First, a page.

When it comes to fixing the current state – and future state – of our natural environments, what could be more appropriate than imparting some natural solutions?
A recent study in Science Advances used the most comprehensive national assessment ever of how greenhouse gas emissions can be reduced and stored in forests, farmland, grasslands, and wetlands to determine that restoring U.S. forests and coastal wetlands could have a more significant role in mitigating climate change than previously thought.
The research group, led by the Nature Conservancy along with 21 institutional partners, analyzed over twenty natural solutions and found that increased reforestation would have the greatest effect on achieving more carbon storage. Other notable solutions include allowing longer periods between timber harvests, increasing controlled burns and strategic thinning in forests to reduce megafire risk, and avoiding loss of forests to urban sprawl.
“Planting trees and improving the health of existing forests will be a deciding factor in whether we are able to get ahead of the climate curve,” says Jad Daley, CEO of American Forests. “This breakthrough analysis clarifies the highest impact actions for keeping our forests as a growing and resilient carbon sink and the potential scale of climate benefit.”
It has also been determined that grasslands are underappreciated for their carbon storage potential – and grasslands are being lost at a rate of more than one million acres per year. When grassland is converted to cropland, roughly 28 percent of the carbon in the top meter of soil is released to the atmosphere. Re-enrolling and restoring millions of acres of marginal cropland in conservation programs would significantly improve carbon storage capacity.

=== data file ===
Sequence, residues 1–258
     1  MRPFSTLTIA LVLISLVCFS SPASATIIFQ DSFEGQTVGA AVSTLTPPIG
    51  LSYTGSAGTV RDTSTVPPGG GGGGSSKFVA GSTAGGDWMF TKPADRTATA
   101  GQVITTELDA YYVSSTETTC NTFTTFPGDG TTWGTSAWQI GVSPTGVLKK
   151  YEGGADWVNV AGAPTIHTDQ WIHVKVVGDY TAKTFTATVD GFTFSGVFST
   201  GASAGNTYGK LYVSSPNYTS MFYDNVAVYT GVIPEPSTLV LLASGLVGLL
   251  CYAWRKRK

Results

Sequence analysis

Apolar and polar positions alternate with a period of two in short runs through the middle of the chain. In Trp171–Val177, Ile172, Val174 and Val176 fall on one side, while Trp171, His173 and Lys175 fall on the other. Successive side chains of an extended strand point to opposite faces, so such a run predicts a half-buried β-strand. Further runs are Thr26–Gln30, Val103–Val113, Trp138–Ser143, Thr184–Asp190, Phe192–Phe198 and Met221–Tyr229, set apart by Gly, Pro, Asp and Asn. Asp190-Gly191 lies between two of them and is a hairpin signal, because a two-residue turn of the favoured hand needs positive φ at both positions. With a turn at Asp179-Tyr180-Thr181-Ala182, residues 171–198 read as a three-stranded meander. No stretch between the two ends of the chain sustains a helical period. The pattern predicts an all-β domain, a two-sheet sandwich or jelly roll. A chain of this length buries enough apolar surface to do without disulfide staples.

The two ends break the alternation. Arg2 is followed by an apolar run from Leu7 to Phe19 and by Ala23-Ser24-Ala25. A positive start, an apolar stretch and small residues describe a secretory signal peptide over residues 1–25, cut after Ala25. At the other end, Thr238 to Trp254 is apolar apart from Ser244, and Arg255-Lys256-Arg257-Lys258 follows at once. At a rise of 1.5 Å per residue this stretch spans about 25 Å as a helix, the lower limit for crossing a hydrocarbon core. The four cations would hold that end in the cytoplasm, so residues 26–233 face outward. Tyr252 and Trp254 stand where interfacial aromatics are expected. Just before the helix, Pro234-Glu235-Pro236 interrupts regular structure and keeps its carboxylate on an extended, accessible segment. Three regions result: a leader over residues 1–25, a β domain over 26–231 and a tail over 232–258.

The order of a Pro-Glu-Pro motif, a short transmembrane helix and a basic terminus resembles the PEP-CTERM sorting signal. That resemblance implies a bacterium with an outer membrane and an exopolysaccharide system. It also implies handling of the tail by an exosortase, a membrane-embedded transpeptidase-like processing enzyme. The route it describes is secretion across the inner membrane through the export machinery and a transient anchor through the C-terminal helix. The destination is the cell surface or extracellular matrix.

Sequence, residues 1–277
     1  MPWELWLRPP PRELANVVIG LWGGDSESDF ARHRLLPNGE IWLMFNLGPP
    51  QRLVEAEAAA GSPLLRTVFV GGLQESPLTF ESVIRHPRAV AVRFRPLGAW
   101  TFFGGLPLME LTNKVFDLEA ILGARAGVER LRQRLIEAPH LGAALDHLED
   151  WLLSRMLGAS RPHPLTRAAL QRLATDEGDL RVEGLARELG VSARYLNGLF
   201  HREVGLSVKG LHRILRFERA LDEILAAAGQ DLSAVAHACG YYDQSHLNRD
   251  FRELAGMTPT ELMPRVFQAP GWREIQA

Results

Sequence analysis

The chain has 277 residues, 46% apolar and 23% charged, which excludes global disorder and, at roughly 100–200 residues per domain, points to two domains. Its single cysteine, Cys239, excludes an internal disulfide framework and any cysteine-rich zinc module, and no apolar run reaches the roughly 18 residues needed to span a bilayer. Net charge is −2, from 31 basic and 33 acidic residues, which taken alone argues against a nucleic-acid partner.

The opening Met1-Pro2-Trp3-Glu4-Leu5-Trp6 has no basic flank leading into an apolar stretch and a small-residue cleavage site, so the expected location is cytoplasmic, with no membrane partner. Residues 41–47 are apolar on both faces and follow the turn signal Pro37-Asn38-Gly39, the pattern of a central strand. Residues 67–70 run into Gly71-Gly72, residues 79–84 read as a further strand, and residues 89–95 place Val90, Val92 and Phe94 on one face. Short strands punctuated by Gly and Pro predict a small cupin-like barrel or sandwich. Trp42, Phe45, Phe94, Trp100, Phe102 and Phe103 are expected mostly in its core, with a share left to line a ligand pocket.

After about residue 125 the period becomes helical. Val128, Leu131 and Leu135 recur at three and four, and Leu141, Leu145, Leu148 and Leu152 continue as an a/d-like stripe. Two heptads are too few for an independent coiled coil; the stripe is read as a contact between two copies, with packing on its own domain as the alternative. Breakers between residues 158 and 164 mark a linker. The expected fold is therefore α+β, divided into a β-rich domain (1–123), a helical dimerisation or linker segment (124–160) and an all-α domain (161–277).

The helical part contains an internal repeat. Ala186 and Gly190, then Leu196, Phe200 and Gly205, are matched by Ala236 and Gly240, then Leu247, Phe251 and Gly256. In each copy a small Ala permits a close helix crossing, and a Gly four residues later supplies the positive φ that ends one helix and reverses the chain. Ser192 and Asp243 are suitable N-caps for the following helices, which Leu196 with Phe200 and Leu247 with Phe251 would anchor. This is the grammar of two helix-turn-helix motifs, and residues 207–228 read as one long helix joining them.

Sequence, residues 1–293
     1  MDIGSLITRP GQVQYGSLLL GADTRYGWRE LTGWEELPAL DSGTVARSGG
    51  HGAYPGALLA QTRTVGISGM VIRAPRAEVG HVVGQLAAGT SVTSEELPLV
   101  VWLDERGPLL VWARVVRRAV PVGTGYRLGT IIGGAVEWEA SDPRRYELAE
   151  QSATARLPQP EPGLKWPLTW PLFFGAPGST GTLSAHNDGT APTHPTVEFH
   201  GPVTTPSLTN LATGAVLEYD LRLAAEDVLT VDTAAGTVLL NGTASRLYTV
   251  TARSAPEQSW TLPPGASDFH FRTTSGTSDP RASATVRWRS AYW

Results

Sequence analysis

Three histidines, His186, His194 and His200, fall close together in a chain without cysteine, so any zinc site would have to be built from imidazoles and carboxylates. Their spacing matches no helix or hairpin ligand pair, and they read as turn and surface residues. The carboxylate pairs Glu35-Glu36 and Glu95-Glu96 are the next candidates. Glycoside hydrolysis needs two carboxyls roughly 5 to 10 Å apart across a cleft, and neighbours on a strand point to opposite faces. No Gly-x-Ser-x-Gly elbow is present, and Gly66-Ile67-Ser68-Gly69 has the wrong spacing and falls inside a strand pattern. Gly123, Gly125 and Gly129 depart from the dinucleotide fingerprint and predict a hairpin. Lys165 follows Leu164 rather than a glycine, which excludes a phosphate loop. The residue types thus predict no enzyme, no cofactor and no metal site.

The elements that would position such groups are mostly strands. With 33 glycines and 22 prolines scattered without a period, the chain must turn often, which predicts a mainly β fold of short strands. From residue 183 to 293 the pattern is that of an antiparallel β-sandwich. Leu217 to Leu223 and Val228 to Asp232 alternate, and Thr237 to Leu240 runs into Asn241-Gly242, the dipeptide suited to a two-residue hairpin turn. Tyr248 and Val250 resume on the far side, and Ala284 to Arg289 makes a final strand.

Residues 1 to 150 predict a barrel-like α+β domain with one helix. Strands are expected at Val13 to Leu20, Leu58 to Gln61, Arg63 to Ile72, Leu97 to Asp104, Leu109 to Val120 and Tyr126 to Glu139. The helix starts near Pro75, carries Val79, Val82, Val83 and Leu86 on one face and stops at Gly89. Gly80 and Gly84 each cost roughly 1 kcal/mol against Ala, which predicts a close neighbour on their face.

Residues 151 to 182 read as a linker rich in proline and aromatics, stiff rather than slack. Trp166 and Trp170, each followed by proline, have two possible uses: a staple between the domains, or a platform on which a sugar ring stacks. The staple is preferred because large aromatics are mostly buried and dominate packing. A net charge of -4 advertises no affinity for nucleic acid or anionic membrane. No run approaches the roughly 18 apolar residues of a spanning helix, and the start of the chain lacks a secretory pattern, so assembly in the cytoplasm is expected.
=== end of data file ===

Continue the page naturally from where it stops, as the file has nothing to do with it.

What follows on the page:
But natural solutions weren’t just limited to land. About 27 percent of tidal wetlands have been disconnected from the ocean, which increases their release of methane gas. By reconnecting tidal wetlands to the ocean, we could virtually eliminate these methane emissions while also restoring fish habitats integral to coastal communities.
“Shellfish growers make a living on the water and have witnessed salt marshes losing productivity due to freshwater inundation,” says Davis Herron, spokesman for the Shellfish Growers Climate Coalition. “Not only does this damage important waters and increase emissions, but it also harms their ability to make a living growing oysters, clams, mussels and other species that support many coastal communities and other important stakeholders.”
It’s clear that these natural solutions have major benefits for both the environment and our continued existence on this planet. With this knowledge in hand, it’s now time for policymakers to convert this comprehensive research into actionable change.
By Connor Ertz, Earth.com Staff Writer
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